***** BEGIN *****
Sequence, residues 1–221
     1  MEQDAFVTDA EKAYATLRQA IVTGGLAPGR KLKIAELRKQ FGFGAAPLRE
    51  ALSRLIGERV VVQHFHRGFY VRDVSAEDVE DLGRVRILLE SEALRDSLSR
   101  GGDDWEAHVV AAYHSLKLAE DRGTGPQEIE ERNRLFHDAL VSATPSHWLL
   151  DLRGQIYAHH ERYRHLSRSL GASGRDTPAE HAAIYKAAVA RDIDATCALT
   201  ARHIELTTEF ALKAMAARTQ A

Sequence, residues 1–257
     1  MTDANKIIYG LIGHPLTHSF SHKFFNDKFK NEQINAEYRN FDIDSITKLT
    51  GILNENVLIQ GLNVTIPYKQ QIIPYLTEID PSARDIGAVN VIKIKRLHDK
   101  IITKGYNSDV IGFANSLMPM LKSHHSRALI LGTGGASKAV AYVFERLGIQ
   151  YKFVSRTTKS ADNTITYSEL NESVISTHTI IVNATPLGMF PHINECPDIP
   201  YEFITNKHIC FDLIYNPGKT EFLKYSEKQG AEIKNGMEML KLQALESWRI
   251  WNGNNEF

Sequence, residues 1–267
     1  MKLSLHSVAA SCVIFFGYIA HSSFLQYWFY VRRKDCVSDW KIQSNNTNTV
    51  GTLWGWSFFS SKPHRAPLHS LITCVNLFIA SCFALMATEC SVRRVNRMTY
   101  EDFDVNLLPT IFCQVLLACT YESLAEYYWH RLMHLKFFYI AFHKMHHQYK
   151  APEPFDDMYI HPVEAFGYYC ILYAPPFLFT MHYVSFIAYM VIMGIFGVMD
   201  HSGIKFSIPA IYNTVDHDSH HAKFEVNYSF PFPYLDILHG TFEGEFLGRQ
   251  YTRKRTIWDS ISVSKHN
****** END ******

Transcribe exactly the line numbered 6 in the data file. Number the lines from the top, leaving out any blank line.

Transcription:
   201  ARHIELTTEF ALKAMAARTQ A